Be Like a Gazelle. . .Scout Out the Watering Hole

In his book, No Second Chance, Mark Hatmaker talks about gazelles scouting out escape routes at the watering hole before they settle down to drink.  He then suggests that we, as human beings, do the same with the places we frequent.  Keep in mind that he sees the good citizens of the world as prey animals in comparison to the beasts that perpetrate such crimes as described in his predator profiles.  Whether it is your place of work, your home, restaurants, bookstores, coffee shops, or whatever places you frequent, it only takes a few minutes of your time to make an assessment that could save your life.  He says it is not paranoia, and I have to agree.  It never hurts to plan for worst case scenario, yet continue to live positively in each moment of your life.

You can practice this by taking note or even writing down information about the places you visit often.  How many exits do you see, and where are they located?  If it is a food establishment, can you determine whether there is an exit from kitchen?  What else do you notice about the layout that may help or hinder your departure in case of emergency?

Something else I want to mention about the book is an interesting discussion on running from danger.  He advocates flight whenever it is an option.  You only fight when you absolutely cannot flee.  One thing about flight is that if you are in a crowd, it will encourage others to do the same.  He explains that humans are often sheep-like in a crowd, and if one person initiates some kind of response to a situation, others will often follow suit:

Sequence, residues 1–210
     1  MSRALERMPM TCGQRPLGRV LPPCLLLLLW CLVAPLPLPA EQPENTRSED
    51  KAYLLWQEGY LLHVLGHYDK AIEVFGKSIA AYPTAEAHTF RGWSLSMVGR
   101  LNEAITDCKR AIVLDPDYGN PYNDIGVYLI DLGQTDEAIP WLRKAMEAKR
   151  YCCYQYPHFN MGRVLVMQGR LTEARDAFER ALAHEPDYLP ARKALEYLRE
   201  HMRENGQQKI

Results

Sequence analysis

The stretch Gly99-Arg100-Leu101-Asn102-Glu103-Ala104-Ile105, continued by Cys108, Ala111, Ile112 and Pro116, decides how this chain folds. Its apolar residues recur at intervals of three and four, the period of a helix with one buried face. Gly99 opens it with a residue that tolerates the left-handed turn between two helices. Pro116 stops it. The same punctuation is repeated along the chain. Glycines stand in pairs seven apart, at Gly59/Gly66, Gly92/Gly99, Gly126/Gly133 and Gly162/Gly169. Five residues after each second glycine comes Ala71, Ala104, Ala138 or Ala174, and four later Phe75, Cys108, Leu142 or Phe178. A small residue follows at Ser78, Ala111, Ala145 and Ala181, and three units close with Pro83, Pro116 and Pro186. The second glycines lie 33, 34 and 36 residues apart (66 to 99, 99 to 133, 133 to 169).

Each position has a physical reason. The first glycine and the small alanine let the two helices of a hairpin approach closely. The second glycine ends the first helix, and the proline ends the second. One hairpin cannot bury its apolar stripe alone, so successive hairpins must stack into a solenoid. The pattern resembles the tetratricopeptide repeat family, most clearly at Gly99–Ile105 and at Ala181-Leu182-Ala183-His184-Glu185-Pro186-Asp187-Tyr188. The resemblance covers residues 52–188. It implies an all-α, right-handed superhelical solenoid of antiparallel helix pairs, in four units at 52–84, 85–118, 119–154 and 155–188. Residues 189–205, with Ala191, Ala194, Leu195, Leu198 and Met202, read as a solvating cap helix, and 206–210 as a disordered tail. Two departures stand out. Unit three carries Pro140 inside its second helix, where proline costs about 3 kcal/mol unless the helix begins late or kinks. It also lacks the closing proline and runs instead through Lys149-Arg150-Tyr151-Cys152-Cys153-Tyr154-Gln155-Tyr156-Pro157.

“If one individual, in a threatening situation, makes a movement toward escape, the herd begins to ripple with like-minded activity.”

He argues that it is the very best thing you could do as Joe Random citizen, is to make the decision not to freeze and to run, even though at first blush it may not seem like the most heroic thing to do.  But if there is no way to avoid fighting a threat, then you must fight, and others will probably follow suit, as well.  For instance, you might find yourself in this kind of situation on an airplane.  Kind of hard to run at 30,000 feet.

He always provides interesting food for thought and thinks of things from a different perspective.  I am really looking forward to his bootcamp in May!

Reading Aggression on the Face

Did you know that most of what you say is not with your words—around 90 percent of communication is non-verbal.  Around 55 to 60 percent of non-verbal falls into the category of body language.  Why is this important to mention here?  Because reading body language correctly lends itself greatly towards perceiving aggression and potential violence.